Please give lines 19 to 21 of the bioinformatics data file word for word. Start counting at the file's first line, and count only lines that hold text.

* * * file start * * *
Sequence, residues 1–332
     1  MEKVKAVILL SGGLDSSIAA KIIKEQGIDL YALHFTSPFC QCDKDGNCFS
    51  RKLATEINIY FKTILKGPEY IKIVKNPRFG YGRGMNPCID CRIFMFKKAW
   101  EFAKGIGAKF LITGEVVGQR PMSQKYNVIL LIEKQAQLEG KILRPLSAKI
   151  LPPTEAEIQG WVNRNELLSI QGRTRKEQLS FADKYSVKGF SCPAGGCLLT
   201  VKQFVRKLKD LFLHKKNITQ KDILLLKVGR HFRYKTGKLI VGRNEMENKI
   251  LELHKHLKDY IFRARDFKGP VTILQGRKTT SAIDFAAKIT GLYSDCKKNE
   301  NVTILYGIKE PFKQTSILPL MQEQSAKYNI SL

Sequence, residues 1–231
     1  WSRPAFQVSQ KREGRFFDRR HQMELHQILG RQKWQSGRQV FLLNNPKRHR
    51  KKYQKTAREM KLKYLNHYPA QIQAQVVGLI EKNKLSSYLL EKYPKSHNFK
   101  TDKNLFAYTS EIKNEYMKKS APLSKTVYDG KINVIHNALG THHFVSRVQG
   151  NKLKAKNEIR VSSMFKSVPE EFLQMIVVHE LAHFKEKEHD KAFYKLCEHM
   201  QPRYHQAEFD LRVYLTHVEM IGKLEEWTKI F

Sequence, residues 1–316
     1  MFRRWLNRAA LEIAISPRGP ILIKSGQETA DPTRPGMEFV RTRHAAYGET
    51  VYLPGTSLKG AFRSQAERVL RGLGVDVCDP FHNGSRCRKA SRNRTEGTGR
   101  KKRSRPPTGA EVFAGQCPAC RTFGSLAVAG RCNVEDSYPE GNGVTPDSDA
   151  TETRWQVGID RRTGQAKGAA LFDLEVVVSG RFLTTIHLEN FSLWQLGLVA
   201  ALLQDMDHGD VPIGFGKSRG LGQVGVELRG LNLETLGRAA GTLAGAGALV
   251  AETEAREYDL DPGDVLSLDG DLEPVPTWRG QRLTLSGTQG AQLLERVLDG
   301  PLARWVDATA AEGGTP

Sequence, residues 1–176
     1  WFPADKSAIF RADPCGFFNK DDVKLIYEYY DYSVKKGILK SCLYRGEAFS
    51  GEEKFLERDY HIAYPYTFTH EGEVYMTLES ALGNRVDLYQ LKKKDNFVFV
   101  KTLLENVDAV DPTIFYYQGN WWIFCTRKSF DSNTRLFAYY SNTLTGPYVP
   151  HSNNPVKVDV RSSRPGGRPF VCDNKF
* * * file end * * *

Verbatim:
   151  TETRWQVGID RRTGQAKGAA LFDLEVVVSG RFLTTIHLEN FSLWQLGLVA
   201  ALLQDMDHGD VPIGFGKSRG LGQVGVELRG LNLETLGRAA GTLAGAGALV
   251  AETEAREYDL DPGDVLSLDG DLEPVPTWRG QRLTLSGTQG AQLLERVLDG